THE GREAT BLACK HOPE
In his state-of-the-NFL conference last Friday in San Diego, commissioner Pete Rozelle acknowledged that the league should have a black head coach: "I can't say I like us being called a racist league, but if all the media attention on the problem leads to equal opportunities...then I guess it's good." Rozelle pointed proudly to the fact that there were 14 black assistants in 1980 but 41 at the end of last season. Now roughly 14% of the assistants are black; more than 55% of the players are black.
Two NFL clubs currently have coaching vacancies: the Packers and the Raiders. George Perles, the head coach at Michigan State, who is white, turned down the Packer job, which apparently will go to Cleveland Browns offensive coordinator Lindy Infante, who's also white. Black assistants Tony Dungy of the Pittsburgh Steelers, Johnny Roland of the Chicago Bears and Dennis Green of the San Francisco 49ers interviewed for the job. Raiders chief Al Davis is considering two of his own black assistants, Willie Brown and Art Shell, and Green for the Raiders' opening, but none is apparently on Davis's short list.
At least the Packers and Raiders have considered some black candidates. Shame on any club that hangs on to its coach to avoid being put on the spot, as a couple of them are rumored to have done. And shame on people who grasp at feeble arguments such as the one heard in San Diego that Dungy, for instance, has never run his own program. It should be pointed out that neither did the Super Bowl rivals, Dan Reeves and Joe Gibbs, before they got their head coaching jobs.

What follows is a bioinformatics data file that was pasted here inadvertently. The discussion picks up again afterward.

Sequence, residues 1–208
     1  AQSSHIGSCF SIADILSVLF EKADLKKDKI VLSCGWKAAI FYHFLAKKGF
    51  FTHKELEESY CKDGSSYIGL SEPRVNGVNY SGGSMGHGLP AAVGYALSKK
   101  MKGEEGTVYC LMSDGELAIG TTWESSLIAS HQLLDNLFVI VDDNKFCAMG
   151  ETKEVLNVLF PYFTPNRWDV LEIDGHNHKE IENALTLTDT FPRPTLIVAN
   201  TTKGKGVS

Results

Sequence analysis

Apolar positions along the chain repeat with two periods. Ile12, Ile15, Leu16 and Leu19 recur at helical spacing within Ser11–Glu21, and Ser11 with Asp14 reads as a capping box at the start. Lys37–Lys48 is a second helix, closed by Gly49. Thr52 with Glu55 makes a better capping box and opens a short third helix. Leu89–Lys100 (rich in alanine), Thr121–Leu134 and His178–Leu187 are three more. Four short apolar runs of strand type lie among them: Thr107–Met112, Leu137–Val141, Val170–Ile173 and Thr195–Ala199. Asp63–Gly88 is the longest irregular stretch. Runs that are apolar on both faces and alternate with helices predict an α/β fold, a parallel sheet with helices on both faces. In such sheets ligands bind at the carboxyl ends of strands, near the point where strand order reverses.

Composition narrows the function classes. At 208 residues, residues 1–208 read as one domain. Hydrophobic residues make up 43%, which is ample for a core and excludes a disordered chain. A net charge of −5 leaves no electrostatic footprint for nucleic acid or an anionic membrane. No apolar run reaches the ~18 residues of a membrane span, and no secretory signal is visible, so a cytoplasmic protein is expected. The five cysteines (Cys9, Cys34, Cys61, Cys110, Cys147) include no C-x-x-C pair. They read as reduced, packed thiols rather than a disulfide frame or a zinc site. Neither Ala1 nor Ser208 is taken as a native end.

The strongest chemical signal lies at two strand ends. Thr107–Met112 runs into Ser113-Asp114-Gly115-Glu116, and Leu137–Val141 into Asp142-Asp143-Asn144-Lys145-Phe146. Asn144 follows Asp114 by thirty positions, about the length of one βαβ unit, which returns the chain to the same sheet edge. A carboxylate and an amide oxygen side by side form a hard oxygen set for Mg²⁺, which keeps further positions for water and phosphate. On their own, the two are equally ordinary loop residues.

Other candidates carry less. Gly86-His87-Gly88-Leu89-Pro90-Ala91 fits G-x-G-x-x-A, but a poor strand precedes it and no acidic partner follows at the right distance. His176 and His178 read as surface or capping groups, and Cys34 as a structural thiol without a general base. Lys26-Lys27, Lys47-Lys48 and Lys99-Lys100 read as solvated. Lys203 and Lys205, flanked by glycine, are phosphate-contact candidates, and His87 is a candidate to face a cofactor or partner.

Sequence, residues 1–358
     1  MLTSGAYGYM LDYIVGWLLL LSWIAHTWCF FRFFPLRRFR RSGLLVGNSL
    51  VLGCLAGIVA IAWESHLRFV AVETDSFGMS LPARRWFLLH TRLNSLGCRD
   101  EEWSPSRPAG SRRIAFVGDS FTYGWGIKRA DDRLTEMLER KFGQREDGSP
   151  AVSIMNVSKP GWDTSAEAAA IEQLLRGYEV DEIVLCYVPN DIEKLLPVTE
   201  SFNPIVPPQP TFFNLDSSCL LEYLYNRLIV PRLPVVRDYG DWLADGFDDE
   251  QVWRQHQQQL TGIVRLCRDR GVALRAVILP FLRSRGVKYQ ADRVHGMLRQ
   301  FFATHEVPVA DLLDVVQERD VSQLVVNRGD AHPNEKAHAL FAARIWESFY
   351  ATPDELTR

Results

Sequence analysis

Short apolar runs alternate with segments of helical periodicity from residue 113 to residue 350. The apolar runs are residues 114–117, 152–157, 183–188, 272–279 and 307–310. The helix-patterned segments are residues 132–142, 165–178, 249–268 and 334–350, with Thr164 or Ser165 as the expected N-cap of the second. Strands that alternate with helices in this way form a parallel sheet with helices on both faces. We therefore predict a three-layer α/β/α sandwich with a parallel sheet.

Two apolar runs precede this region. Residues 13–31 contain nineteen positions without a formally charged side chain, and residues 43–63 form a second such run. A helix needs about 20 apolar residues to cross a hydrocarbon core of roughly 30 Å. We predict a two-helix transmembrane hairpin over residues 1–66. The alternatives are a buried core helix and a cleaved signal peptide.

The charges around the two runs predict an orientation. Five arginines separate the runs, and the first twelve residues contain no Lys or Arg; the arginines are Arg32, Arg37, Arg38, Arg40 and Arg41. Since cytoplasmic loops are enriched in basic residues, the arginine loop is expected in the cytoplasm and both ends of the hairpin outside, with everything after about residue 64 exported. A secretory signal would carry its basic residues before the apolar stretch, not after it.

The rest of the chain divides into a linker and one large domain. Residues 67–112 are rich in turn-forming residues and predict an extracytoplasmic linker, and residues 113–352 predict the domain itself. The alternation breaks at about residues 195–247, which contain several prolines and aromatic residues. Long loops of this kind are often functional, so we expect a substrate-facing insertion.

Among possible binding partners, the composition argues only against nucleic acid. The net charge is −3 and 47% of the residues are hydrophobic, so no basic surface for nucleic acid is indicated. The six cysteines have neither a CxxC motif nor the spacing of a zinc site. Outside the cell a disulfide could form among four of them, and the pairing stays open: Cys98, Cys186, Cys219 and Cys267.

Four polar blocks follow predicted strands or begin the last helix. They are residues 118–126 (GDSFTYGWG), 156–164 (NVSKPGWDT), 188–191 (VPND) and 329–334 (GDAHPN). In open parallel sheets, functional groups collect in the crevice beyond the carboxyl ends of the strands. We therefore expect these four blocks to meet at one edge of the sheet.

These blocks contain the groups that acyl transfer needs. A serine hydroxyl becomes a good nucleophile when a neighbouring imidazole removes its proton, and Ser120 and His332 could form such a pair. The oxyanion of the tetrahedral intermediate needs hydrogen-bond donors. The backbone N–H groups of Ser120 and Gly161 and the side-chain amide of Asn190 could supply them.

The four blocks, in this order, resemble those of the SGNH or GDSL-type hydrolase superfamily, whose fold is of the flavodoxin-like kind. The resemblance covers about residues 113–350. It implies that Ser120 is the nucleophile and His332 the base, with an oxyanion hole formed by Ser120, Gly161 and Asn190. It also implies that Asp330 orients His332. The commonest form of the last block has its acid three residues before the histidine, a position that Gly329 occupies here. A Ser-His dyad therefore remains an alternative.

Among 16 passengers stuck for 90 minutes on an elevator at the San Diego Marriott, the Super Bowl headquarters hotel, last Friday were ABC announcers Frank Gifford and Dan Dierdorf, several Super Bowl referees, NFL supervisor of officials Art McNally and—we always try to bring you on-the-scene coverage—SI senior reporter Linda Marsch. Her report:
At 11:40 a.m. the elevator car became stuck between the third and fourth floors as we were going down to the lobby. The officials and I were headed for the commissioner's press conference, while Gifford and Dierdorf were on their way to meet Al Michaels and a limo that was to take them to lunch with Dan Reeves.
Fortunately, one of the officials, Bob McElwee, had had submarine training at the Naval Academy, and he immediately assured us we would be fine in such a confined space.
Somebody found the intercom that connected us to the hotel operator, who immediately said, "Hang on." She kept asking us if we were all right. At first we told her we were fine, but when she asked an hour later, she heard a resounding "No!"
The mood was pretty cheerful, with SI contributing photographer Tony Tomsic providing most of the jokes. He also claimed responsibility for our predicament since he weighs more than 290 pounds and was among the last to get on the elevator. When Tomsic commented that we might eventually turn on one another, Gifford said, "We all hate you now, Tony." Also taking a lot of ribbing were McNally's daughter Rita who works for the Marriott Corporation and was on the elevator, and Jerry Markbreit, yet another NFL field official, who stationed himself just outside the door on the fourth floor and shouted comforting words. Dierdorf told Markbreit that if he rescued us, he—Dierdorf—would forgive Markbreit for a holding call in a long-ago Cardinal-Cowboy game.